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Pench Tiger Reserve

The air is hot and heavy. Even the flora and fauna has succumbed to the heat, dry and withered, all life and energy having been sapped out of them. Skeletal trees stand denuded of leaves gasping for cool air. The ground is parched and dry. The smell of heat reflects from the ground. It is oppressive.

The parched colours of the forest are only interrupted by the startling and dramatic forms of the ghost trees so-called because of the spooky silhouette that they give off at night.

The rustling of dry leaves, the rutting call of the spotted deer, the canorous whistles of birds, punctuated our forays in to the forest.

Driving into the park in the late afternoon I was full of excitement and anticipation, my eyes scanning hopefully for any signs of a tiger. In my childish fervour not only did I bring to life shapes and colours to be a stalking tiger but I missed many other sightings, most notably the variety and wealth of birdlife. But Samir, our naturalist did not.

As he negotiated the winding roads of the Reserve he would spot birds with effortless ease, bids that I could hardly see let alone identify. An Indian grey hornbill flitting between trees, a Malabar pied hornbill sitting imperiously on a branch; the driving, darting flight of a white-throated kingfisher; the dazzling luminescent plumage of an Indian Roller.

Stretching across the states of Maharashtra and Madhya Pradesh, Pench is a scenic reserve covered in prime teak forest and grassland. Nestling in the undulating terrain of the Satapura Range, it was here that Kipling based his tale of the man-cub Mowgli and his adventures with the Seoni Wolf Pack.

Shrill cry of alarm followed by tense stillness.

The tiger is the conductor who makes the orchestra of the jungle play. We did not have so much of a glimpse of a tiger but the supercharges atmosphere of the forest. Seeing tigers reaffirms their beauty whereas tracking reveals their spirit.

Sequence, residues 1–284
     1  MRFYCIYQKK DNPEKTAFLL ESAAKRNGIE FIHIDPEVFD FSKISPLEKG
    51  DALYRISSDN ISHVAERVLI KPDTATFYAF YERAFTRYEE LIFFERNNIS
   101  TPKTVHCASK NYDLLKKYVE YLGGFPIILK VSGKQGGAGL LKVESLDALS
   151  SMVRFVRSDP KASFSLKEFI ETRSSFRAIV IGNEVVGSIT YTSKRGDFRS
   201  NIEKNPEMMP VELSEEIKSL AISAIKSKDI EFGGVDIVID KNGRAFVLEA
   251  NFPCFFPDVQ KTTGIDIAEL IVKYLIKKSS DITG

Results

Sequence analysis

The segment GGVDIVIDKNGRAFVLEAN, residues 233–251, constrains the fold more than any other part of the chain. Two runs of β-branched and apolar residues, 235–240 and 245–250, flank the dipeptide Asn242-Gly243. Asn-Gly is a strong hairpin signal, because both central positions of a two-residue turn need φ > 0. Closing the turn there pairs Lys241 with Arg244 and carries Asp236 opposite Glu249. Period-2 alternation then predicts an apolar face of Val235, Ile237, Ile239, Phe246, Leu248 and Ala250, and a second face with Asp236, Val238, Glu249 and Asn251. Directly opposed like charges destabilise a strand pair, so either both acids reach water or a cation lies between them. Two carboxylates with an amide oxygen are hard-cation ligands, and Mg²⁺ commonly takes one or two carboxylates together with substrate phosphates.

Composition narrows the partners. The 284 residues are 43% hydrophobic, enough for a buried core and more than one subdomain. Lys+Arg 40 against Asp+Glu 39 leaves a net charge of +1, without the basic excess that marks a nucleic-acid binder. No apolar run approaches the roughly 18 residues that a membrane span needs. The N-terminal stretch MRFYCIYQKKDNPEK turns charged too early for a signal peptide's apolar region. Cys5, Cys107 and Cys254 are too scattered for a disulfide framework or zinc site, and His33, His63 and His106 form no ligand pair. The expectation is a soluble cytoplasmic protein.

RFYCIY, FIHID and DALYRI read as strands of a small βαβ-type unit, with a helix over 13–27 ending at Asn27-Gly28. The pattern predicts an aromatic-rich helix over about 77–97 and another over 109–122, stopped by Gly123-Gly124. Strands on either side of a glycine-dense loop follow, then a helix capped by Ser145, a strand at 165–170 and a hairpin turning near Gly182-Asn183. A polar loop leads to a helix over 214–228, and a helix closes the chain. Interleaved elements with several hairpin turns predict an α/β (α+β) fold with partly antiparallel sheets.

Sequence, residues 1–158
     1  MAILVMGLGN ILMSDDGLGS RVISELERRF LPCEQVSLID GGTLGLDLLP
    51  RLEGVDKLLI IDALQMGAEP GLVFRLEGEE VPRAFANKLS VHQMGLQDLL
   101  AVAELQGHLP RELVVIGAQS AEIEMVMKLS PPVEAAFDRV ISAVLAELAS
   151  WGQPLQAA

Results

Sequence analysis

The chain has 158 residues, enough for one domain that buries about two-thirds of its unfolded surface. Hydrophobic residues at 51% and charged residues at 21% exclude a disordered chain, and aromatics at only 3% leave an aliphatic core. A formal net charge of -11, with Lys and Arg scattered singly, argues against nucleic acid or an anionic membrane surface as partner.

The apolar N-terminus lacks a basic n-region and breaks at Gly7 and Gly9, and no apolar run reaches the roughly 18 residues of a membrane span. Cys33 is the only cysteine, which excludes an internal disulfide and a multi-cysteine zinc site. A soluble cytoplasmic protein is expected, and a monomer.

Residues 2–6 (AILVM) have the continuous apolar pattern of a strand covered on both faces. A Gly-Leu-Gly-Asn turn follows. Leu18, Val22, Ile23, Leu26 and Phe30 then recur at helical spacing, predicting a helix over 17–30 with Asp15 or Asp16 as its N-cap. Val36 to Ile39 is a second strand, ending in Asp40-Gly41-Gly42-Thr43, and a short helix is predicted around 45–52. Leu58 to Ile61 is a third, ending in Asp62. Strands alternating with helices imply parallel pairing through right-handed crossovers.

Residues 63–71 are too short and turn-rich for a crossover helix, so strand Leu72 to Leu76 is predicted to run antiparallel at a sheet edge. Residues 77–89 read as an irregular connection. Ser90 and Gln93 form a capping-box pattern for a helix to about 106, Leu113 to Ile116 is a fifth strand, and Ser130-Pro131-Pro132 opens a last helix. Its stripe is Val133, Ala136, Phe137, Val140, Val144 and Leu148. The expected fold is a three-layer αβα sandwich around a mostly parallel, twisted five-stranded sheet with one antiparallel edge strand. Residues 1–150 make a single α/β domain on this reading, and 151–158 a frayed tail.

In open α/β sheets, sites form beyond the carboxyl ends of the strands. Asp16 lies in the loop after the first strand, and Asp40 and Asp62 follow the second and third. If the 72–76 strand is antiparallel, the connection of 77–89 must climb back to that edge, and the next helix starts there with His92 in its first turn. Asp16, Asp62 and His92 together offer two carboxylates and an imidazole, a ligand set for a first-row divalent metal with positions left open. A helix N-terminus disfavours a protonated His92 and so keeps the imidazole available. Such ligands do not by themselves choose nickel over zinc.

Sadly the only evidence we saw of the tiger was its spoor – large, no impressively large pug marks. A tree that had been raked by a tiger marking its territory, proclaiming to the world, or rather expectant tourists, that the true king of the jungle was around, even if unseen.

Each foray threw up its own delights – several sightings of sambar. We had a couple of close encounters with the nilgai, the largest antelope in Asia. We saw the dancing defiant stride of a jackal. Everywhere we went, there were langurs chattering excitedly or lying languidly in the shade of trees. Often they were to be found in the company of chital, the langur and the deer having a symbiotic relationship. The one dropping fruit from above, the other fertilising the ground, each acting as a sentinel to for the other from their respective vantage points.

Samir parked next to a tree. I felt it an odd and unimpressive place from which to watch the sunset but I acquiesced to Samir’s demand for patience. Shortly after darkness had descended two figures crept cautiously along the branch of the tree above us. As my eyes were trying to adjust to the gloom and work out what they were, one of them seemed to grow wings and suddenly launched itself into space. They were giant flying squirrels.

















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